Lots of folks are lazy. Their stories don’t have a well thought out concept, an underlying message, their characters aren’t developed with full, meaningful arcs, and they don’t bother to work out key structural points. These stories are destined for the slush pile even before they’re finished.
Now, if you think focusing on your concept, narrowing down a distinct message, including all your structural elements and capturing all the pieces of your plot as you envision the story in your head will yield a good story… you’re probably right. Just having those things will put your story ahead of most in the pack.
But if you want to make your good story GREAT, you need to recognize that GREAT stories don’t just appear because you have a bunch of those things in place…
Great stories are forged when you actively MAKE all the things WORK TO BE GREAT.
Great (or Genuine, as I refer to them in “Storycraft for Comics”) stories are artificial constructs, created with a number of distinct goals in mind. All the elements we deem necessary (listed above to name a few) of the story have to actually be shaped and molded, pushed and pulled into place, in order to support and emphasize each other… and ultimately express the message of the story.
This means, you often have to put aside your own ego of how you originally thought the story should unfold and CHANGE IT to how it NEEDS TO UNFOLD.
*** I can’t emphasize this mindset enough. ***
A lot of the time, your ego is locked onto superficial traits. Often little nuggets of creative inspiration that came to you early on that attracted you to the concept, or solidified it in your head.
The minute you let these elements take the reigns and start dictating the direction of the story, instead of the structure and needs of the story itself dictating where it should go—you are truly sunk.
Let me give you a quick example:
A while back a writer came to me with a superhero group comic concept/story he needed help with. He had very particular vision of each character. They were a happy go lucky bunch, working well together to tackle the bad guys and obstacles thrown their way.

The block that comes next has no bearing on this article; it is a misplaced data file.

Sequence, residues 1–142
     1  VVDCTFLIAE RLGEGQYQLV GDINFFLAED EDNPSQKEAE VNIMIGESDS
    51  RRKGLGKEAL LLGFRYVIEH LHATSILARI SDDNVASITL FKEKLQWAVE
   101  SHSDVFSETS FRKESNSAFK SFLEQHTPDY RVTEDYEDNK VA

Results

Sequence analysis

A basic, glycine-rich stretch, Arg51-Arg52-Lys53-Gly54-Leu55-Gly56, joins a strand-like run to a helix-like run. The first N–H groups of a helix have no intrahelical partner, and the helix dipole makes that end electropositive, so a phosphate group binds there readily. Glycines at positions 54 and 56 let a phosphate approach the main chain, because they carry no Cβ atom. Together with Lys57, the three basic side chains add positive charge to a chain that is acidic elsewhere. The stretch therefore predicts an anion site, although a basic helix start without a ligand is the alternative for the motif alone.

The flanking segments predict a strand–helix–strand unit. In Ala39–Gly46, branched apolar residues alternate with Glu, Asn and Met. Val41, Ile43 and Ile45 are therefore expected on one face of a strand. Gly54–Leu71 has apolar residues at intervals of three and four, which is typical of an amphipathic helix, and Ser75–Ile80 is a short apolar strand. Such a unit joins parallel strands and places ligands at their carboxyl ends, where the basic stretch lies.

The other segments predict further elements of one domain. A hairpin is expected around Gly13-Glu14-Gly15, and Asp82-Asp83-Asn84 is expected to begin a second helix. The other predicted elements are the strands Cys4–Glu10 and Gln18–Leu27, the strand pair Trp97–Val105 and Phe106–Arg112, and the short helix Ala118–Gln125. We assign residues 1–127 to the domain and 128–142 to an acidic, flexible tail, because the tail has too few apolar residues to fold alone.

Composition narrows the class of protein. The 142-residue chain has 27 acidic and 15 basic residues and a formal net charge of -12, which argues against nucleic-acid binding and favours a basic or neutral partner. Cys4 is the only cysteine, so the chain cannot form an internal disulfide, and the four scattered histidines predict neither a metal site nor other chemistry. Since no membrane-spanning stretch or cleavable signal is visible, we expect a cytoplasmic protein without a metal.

The problem was the character arcs were not developed and the entire first two acts had nearly no conflict—they were primarily an introduction to the characters and their powers.
Other problems aside, I told the client the story needed conflict between the members of the group to showcase the flawed side of their character arcs and act as a catalyst to ultimately pull them together, in turn highlighting their completed arcs and the message at the end of the story (a “united we stand, divided we fall” theme if I remember correctly).
The writer’s ego immediately stepped in.
He never envisioned conflict within the group and it didn’t sit well with him. Instead of listening to what the story needed. Instead of looking at the story as a completely artificial system—something he could change and shape like a sculptor pushing clay—as a means to get the deeper points across—he refused to go against his original vision and add conflict to the group.
I helped him finish the story and refine the concept. He was ecstatic with my input and direction in the end, but I knew immediately upon completion, the decisions he made sacrificed too much of the story to make it a success in the market.
That was three or four years ago and I’ve never heard or seen anything else of the project. In fact, I’ve helped with other stories since, so I’m guessing he just shelved it.
Don’t let your ego get in the way of you writing a great story!
Always listen to and work to, the story first.▪
About the Author —
Nick Macari is a full-time freelance story consultant, developmental editor and writer, working primarily in the independent gaming and comic markets. His first published comic appeared on shelves via Diamond in the late 90’s. Today you can find his comic work on comixology, amazon and in select stores around the U.S. Visit NickMacari.com for social media contacts and news on his latest releases.